It is said that the first car headlights are household lanterns. In 1887, when a driver lost his way in the dark wilderness, a farmer led him home with a lantern.
In 1898, the Columbia electric car used electricity for the headlights and taillights, so that the lights were born. The original headlights were not dimmable, so they were a little dazzling when driving, and in order to overcome this shortcoming, an additional photometric regulator was used. This headlight can be moved in the vertical direction, but the driver must get off the vehicle to move the fixture.
In 1925, the navigation company promoted the twin-wire bulb, and the adjustment of the high beam and low beam was controlled by a switch mounted on the steering column.
The use of turn signals is very interesting. In 1916, a man named C.H. Thomas in the United States put a battery bulb on his glove so that the driver could see his gesture when driving at night.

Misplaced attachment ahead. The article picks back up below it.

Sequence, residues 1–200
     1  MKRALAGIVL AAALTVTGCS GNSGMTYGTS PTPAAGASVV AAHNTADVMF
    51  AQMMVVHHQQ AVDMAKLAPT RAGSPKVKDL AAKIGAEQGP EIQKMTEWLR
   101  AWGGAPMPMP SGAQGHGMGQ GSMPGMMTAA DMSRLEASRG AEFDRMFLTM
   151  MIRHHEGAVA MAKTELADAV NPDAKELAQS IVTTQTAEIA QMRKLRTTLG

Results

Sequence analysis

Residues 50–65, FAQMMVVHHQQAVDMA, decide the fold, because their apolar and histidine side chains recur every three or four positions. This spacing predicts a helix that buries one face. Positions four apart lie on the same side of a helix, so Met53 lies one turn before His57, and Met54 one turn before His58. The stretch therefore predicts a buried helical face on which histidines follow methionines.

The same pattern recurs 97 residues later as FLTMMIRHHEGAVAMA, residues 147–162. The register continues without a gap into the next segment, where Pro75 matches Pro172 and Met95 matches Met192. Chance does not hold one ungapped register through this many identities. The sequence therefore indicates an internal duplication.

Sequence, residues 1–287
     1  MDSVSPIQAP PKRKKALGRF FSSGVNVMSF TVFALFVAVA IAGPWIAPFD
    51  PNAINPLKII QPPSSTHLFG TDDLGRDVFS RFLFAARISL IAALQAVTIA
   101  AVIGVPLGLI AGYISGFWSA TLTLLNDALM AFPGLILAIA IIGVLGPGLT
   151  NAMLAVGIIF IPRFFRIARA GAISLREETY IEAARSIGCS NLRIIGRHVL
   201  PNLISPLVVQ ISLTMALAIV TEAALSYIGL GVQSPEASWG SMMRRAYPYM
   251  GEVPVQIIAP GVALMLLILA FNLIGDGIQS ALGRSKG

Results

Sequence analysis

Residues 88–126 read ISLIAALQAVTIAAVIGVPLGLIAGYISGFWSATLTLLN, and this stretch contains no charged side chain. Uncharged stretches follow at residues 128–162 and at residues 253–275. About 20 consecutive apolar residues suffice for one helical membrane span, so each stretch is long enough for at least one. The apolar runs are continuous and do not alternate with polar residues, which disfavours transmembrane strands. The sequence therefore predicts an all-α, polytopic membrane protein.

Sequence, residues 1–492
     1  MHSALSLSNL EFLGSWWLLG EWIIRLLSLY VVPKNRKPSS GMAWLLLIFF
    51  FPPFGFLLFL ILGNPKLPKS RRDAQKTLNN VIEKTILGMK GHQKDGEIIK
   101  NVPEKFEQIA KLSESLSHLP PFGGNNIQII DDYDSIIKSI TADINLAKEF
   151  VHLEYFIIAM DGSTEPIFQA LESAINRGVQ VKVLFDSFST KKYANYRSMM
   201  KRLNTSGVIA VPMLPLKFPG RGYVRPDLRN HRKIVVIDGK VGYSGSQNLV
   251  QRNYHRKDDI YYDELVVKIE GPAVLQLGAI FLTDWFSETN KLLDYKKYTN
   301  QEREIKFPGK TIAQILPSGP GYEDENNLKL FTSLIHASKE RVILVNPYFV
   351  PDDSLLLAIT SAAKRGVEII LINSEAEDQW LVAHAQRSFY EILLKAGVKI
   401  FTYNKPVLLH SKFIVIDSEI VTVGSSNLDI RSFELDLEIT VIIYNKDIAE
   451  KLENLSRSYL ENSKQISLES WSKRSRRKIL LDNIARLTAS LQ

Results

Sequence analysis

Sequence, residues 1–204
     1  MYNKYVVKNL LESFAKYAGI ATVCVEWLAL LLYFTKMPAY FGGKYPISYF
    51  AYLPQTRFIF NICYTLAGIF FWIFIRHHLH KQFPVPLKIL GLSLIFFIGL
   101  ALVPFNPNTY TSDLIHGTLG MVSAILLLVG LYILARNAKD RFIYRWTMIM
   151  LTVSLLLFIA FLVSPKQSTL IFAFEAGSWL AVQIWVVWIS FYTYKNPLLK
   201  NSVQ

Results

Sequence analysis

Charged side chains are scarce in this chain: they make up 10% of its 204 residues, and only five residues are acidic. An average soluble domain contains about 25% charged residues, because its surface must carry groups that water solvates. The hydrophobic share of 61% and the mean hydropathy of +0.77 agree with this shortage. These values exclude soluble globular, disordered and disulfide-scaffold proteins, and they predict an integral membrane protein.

In 1938, the Buick car manufacturer provided the turn signal as an optional accessory, but it was only installed at the rear of the car.
After 1940, the front of the car was also equipped with a turn signal, and the signal switch has the function of adjusting at any time.
In 1906, for the first time in the world, a battery-powered electric light was used for illumination.
In 1909, the acetylene lamp was used as a dimming device for the first time.
In 1916, the United States used a running light.
In 1920, when the reverse gear was used, a reverse light was used.
In 1920, American car companies first installed interior lights.
In 1926, the headlight dimmer switch was moved from the steering wheel to the floor.
In 1938, the first closed light was used.
In 1988, American companies promoted electric lamp parabolic mirrors to headlights, sidelights, and taillights.